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AIIB: Will China's Use of Financial Muscle Reshape World Order for the Better?

The formation of the Asian Infrastructure Investment Bank (AIIB) was one of the most recent developments in the active merge of international finance, diplomacy and geo-strategy. Deep-pocketed forces, aligned with these merging elements and perceived by the United States as harmful to the AIIB, are rattling Washington and gradually re-shaping world order.

China’s Middle Class and the Internationalization of the RMB

In March, China’s National People’s Congress (NPC) and the Chinese People’s Political Consultative Congress (CPPCC), the country’s two legislative bodies, convened in Beijing. This year’s meeting focused on the economic reforms envisioned and pursued by the administration of President Xi Jinping and Premier Li Keqiang. Several initiatives were announced, including the further restructuring of state-owned enterprises (SOEs) and the development of a national consumer credit system.

A Growing Humanitarian Crisis: Asia’s New Boat People

There are only three museums that are open on a semi-regular basis in the Burmese capital of Yangon, and perhaps the only one of import is the National Museum, located in the heart of Yangon's most prosperous township. On the top floor of the museum is a hall dedicated to celebrating Burma's unique ethnic diversity, recognizing over 130 ethnic groups in the country. Representing each of these groups are mannequins garbed in ethnic dress, filling the poorly-lit and drab museum with vibrant color.

UN calls for a Moratorium of Pakistan's Death-penalty Laws

Late last year, in response to a Taliban attack in the Army Public school in Peshawar that left over 140 children dead, Pakistan lifted the moratorium on the death penalty "in terrorism-related cases." At the time it seemed like temporary and ultimately vindictive measure—but in a few short months it has evolved into something much worse.

Ongoing Concern Over the Asia-Pacific’s Maritime Heartland

The scene was certainly set as the 14th IISS Shangri-La Dialogue got underway in Singapore in the last days of May. The May 26th release from the Chinese Ministry of National Defense of a Chinese Military Strategy white paper promoting the concept of “active defense” laid down an important marker. It directs the military to be “in line with the strategic requirement of offshore waters defense and open seas protection, the PLA Navy will gradually shift its focus from ‘offshore waters defense’ to the combination of ‘offshore waters defense’ with ‘open seas protection’ and build a combined, multi-functional and efficient marine combat force structure for joint operations.”

Prevalence of Anti-Muslim Attitudes in Myanmar Threaten Path to Democracy

Reports indicate that another round of violence has broken out between Rakhine Buddhists and Rohingya Muslims, this time in the southern Maungdaw Township of the Rakhine state in Myanmar.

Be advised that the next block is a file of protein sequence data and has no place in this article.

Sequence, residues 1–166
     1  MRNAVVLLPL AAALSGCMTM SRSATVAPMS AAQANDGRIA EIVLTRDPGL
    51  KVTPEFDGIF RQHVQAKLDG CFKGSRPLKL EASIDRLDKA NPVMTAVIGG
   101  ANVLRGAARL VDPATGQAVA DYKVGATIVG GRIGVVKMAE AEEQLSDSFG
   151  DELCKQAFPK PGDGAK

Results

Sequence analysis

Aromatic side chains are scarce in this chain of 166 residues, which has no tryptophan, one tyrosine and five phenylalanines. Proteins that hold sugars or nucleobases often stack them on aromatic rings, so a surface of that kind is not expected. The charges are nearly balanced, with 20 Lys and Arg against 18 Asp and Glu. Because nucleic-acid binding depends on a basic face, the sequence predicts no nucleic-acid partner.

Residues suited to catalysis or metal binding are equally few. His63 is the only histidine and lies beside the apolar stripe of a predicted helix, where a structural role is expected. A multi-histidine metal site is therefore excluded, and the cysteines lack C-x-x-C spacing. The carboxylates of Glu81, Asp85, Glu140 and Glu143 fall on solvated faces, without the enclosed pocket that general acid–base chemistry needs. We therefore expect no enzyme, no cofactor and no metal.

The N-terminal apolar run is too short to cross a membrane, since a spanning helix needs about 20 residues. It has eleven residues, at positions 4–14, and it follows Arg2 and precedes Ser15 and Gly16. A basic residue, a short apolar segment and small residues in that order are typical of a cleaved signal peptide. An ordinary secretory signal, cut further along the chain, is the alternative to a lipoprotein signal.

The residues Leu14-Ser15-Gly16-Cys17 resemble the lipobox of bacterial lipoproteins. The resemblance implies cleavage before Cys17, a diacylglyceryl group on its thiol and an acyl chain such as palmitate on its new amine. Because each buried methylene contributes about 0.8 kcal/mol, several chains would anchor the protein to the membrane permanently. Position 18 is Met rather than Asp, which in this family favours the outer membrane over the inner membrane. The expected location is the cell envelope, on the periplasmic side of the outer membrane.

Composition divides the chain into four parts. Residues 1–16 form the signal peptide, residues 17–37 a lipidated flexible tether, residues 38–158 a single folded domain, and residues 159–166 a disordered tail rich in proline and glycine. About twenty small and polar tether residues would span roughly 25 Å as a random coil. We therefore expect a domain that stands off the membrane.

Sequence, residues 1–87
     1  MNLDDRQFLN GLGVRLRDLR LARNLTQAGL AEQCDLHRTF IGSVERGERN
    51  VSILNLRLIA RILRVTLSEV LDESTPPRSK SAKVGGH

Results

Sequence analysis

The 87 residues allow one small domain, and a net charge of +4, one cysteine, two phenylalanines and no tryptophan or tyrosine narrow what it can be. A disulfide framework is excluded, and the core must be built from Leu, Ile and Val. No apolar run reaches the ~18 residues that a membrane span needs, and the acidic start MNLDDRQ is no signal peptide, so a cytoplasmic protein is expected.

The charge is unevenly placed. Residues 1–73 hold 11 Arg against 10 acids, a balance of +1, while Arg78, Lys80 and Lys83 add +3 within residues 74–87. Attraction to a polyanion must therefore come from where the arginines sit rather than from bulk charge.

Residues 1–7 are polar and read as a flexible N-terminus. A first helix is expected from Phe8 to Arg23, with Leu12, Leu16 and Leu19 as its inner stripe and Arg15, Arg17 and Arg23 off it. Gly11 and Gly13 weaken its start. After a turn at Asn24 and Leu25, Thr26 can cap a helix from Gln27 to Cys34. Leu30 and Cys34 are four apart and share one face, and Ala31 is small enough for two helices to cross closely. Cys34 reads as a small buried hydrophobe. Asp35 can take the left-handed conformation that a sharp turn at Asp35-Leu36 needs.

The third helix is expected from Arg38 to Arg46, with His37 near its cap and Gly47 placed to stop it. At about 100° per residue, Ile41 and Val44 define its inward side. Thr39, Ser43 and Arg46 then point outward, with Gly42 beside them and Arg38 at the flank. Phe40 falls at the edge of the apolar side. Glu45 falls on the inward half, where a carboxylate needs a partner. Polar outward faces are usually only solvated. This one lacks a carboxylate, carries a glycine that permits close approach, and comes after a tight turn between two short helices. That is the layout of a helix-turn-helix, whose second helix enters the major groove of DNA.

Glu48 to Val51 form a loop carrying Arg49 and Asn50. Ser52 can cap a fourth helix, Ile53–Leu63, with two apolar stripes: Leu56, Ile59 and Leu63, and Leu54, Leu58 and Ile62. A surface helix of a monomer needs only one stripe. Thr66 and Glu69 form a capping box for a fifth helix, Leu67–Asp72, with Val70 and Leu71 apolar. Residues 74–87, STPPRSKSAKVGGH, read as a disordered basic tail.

Cyber-threats and Nuclear-threats: North Korea’s Convoluted Diplomacy

The cyber attacks on Sony Pictures Entertainment have become probably the most scandalous and gossip-worthy foreign policy story of the past decade, with North Korea being rocketed back into the spotlight of the American public. During late November and early December of last year, hackers released thousands of private email conversations and other confidential data from Sony’s system, with the apparent goal of threatening Sony into not releasing a comedy film about assassinating Kim Jong Un, entitled The Interview. The FBI asserts that these security breaches were orchestrated by North Korean hackers, and the United States has just begun a new round of sanctions targeting North Korea. While North Korea claims that they were uninvolved with the data leaks and some security experts have blamed disgruntled insiders, the damage has already been done to North Korea’s already shattered reputation.

Cambodia Rolling Back the Gains of Democracy

Cambodian democracy is once again under assault. On January 9th, the leaders in Cambodia’s ruling party announced to opposition leaders of their proposal to limit campaign rallies. Political parties throughout the nation would be restricted to just two days of rallies during an election campaign. While this is a violation of the cardinal civil right to assembly, it’s sadly only the most recent attempt by Cambodia’s government to rollback the evolution of democracy in the Southeast Asian nation.

Japan’s Disaster Diplomacy: Pragmatism, Peace, and Activism

Given the recent stories about Japan’s turn to nationalism, it is sometimes easy to forget how much Japan is influenced by pacifist sentiments. Indeed, even nationalists such as Abe Shinzo have found it necessary to dress up their policies in the language of pacifism. Thus, it is not surprising that Japan’s first National Security Strategy talks of a more “proactive contribution to peace.”

Fishing for Support in the South China Sea Dispute

The Malacañang Palace in Manila—some say its name means “place of the fisherman”—is a rambling white concrete structure on the north bank of the Pasig River in the old district of San Miguel. The former residence of Spanish colonial governors and American generals, it now houses the office of the Philippine president, who lives out back in a smaller building on the palace grounds known as the “House of Dreams.”

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